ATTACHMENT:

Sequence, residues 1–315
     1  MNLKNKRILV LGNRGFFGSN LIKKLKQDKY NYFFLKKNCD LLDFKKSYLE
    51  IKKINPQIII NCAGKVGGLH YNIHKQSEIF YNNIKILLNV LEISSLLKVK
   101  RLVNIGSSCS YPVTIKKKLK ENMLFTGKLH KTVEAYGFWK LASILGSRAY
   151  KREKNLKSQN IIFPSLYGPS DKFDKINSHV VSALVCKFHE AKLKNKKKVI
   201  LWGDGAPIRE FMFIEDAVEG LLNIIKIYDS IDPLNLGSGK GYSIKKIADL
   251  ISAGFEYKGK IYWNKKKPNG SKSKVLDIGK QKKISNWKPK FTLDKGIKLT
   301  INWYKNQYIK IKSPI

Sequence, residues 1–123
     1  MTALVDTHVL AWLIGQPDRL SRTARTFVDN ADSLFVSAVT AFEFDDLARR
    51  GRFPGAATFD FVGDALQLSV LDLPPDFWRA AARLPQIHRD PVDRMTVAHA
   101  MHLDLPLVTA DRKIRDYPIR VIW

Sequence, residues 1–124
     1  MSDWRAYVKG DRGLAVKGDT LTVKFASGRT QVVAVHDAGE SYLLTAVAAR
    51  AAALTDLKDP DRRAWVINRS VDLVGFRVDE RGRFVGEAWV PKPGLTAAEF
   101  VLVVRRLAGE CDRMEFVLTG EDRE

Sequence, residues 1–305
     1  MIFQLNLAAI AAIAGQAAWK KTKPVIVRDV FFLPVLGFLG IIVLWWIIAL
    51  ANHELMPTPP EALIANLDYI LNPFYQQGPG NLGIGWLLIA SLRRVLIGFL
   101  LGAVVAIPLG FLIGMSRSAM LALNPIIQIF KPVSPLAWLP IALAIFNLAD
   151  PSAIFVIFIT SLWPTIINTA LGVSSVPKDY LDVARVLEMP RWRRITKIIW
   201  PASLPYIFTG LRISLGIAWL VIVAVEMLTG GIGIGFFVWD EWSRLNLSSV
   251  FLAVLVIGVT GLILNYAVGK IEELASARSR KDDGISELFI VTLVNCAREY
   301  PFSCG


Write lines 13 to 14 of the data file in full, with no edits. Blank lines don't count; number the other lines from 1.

Sequence, residues 1–124
     1  MSDWRAYVKG DRGLAVKGDT LTVKFASGRT QVVAVHDAGE SYLLTAVAAR